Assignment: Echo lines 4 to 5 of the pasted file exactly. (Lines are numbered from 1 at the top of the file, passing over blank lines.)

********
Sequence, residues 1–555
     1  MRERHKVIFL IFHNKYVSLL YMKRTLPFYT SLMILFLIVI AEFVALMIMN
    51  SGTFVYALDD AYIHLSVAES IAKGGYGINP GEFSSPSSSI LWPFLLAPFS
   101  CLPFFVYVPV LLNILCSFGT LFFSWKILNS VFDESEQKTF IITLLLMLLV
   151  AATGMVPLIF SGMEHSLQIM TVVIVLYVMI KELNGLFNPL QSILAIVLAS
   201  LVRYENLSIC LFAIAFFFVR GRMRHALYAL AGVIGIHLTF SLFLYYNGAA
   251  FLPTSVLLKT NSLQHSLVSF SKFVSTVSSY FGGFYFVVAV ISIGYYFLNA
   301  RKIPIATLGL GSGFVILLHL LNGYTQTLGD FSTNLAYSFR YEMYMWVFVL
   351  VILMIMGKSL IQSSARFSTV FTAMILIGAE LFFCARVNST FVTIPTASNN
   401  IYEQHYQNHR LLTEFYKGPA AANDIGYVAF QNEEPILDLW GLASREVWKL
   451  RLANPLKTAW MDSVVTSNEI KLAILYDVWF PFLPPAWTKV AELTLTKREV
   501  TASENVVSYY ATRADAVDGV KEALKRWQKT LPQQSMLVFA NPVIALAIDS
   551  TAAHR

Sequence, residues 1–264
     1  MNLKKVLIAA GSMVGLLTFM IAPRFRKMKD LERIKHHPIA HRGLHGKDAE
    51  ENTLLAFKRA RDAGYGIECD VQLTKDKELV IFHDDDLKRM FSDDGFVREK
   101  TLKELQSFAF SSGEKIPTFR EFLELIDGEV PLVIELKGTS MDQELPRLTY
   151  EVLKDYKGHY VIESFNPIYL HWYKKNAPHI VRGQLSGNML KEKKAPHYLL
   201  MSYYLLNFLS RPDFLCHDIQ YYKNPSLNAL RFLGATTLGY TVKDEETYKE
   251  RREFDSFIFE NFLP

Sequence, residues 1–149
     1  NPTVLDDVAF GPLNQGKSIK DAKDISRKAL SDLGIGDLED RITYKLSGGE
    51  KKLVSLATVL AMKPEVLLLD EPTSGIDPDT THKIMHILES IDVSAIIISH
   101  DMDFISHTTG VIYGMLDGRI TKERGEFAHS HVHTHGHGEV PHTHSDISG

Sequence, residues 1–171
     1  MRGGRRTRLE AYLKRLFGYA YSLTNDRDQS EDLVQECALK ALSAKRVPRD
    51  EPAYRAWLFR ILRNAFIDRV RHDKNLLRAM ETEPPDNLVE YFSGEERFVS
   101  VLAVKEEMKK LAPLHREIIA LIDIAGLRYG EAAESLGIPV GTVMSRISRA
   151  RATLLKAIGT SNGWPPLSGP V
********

   101  CLPFFVYVPV LLNILCSFGT LFFSWKILNS VFDESEQKTF IITLLLMLLV
   151  AATGMVPLIF SGMEHSLQIM TVVIVLYVMI KELNGLFNPL QSILAIVLAS